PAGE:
Coffee good, coffee bad, coffee good, coffee bad. The studies twist back-and-forth. Many demonize caffeine, while others embrace its mild doping effects. Coffee is beneficial in so many ways. I understand where my coffee beans come from, unlike the perverted beverages of the Big Food complex.
If you're on a road trip, you may respond like the 24 volunteers for an experiment from February who were subjected to two hours of simulated "monotonous highway driving," given a short break, then sent back out for two more hours. Those given a cup of coffee during the break weaved less, and showed reductions in driving speed, mental effort, and subjective sleepiness. If you're on a weight-training regimen, it can provide a mild (and legal) doping effect.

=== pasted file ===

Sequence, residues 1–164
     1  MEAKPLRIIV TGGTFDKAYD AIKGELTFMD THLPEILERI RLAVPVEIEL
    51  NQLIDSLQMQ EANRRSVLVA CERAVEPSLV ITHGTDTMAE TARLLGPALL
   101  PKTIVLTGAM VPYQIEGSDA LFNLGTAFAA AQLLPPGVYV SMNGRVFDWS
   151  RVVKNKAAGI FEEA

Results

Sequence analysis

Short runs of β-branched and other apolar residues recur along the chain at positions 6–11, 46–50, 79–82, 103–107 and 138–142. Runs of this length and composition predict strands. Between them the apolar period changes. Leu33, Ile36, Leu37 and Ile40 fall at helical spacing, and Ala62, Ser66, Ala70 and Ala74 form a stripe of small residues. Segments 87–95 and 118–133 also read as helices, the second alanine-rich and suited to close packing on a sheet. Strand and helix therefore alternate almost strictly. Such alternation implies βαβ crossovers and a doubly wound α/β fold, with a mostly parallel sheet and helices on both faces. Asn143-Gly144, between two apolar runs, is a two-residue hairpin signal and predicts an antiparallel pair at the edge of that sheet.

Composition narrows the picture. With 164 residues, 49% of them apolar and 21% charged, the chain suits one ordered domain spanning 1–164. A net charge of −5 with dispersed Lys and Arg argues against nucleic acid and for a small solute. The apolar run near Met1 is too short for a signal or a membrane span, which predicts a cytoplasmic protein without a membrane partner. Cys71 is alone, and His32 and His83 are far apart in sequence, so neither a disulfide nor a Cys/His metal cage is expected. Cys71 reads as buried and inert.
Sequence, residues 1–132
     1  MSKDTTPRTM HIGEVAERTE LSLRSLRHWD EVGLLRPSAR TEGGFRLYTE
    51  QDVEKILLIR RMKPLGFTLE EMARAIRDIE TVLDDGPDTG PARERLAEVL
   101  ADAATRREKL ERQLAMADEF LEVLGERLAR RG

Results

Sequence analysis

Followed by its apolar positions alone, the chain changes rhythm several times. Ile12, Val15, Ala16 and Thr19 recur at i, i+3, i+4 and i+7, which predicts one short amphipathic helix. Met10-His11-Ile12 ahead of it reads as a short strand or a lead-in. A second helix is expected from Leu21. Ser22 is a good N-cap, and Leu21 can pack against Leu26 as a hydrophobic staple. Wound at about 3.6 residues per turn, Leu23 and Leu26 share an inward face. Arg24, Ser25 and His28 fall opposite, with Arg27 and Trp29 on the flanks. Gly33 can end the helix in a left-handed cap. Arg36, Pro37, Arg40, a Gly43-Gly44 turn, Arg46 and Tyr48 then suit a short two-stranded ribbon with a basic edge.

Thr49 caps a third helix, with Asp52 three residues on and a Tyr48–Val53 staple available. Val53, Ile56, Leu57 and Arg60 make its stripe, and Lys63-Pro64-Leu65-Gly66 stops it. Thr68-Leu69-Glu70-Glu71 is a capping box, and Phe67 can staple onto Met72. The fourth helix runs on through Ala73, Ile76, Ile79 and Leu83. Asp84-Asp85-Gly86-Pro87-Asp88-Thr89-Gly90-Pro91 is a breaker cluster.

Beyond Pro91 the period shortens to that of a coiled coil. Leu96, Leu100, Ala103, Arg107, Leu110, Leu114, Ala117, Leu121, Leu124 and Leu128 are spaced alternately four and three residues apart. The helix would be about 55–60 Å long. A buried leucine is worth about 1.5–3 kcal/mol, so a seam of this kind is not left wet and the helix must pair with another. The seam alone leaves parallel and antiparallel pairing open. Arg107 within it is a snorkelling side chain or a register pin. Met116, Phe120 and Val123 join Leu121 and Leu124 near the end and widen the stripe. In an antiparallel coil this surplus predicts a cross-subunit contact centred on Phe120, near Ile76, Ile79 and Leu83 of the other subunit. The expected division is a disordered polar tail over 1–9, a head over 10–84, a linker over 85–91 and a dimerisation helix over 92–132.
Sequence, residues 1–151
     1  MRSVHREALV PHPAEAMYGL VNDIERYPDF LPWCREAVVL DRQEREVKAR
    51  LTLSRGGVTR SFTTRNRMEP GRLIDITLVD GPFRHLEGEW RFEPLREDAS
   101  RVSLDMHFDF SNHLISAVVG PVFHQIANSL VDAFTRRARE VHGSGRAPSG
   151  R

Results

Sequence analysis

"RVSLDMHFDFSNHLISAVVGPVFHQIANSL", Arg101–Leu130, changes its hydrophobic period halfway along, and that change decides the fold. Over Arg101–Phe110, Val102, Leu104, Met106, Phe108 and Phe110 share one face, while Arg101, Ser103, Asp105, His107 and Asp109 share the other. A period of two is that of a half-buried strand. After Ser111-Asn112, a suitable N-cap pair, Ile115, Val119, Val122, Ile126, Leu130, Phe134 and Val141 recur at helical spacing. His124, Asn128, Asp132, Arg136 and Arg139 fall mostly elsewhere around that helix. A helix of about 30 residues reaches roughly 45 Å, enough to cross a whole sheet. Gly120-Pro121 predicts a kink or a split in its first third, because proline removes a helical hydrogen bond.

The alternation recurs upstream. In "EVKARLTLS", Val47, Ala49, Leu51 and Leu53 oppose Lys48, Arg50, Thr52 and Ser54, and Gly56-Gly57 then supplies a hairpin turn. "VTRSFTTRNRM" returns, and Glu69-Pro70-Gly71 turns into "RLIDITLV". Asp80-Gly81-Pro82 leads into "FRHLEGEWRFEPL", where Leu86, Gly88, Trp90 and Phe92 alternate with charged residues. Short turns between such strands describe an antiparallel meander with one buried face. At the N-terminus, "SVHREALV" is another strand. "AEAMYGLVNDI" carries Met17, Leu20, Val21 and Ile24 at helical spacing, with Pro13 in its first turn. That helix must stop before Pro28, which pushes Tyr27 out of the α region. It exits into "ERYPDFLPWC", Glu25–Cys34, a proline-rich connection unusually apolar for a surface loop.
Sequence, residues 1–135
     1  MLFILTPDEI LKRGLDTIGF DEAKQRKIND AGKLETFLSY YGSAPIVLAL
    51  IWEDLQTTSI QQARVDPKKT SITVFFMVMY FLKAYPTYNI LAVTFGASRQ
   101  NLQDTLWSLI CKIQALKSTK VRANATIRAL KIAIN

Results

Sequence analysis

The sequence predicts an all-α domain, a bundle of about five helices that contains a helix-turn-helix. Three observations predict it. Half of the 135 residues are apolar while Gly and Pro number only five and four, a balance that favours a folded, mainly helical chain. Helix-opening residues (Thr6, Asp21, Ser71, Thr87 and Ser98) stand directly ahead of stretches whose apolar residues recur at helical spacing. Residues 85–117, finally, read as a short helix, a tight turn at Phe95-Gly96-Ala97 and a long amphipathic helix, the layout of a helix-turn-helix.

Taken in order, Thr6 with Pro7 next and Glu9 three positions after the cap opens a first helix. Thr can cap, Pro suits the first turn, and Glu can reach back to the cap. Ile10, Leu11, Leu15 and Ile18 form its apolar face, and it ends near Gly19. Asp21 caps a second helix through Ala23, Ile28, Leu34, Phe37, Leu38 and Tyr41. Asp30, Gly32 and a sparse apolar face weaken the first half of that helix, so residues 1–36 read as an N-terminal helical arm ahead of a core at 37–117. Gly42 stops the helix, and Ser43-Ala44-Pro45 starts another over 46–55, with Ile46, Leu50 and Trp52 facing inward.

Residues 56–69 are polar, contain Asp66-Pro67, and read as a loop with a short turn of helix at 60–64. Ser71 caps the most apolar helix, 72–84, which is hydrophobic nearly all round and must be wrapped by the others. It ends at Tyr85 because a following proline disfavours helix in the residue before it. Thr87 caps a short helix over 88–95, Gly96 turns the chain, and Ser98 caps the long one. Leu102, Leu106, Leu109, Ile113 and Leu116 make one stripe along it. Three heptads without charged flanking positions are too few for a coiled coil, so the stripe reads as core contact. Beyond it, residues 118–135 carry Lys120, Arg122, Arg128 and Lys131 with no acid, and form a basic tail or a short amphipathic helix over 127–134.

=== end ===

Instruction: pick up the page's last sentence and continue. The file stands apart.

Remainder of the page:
If you're trying to enhance your workout, the results of one experiment from October found that drinks containing caffeine enhances performance. And then another one from Dr. Martin in 2008: He coauthored a study of people enrolled in Alcoholics Anonymous in which there appeared to be an association between upping coffee intake and staying sober.
For my 5am workouts, a giganta-expresso is a secular ritual. Follow me on Twitter @karendecoster.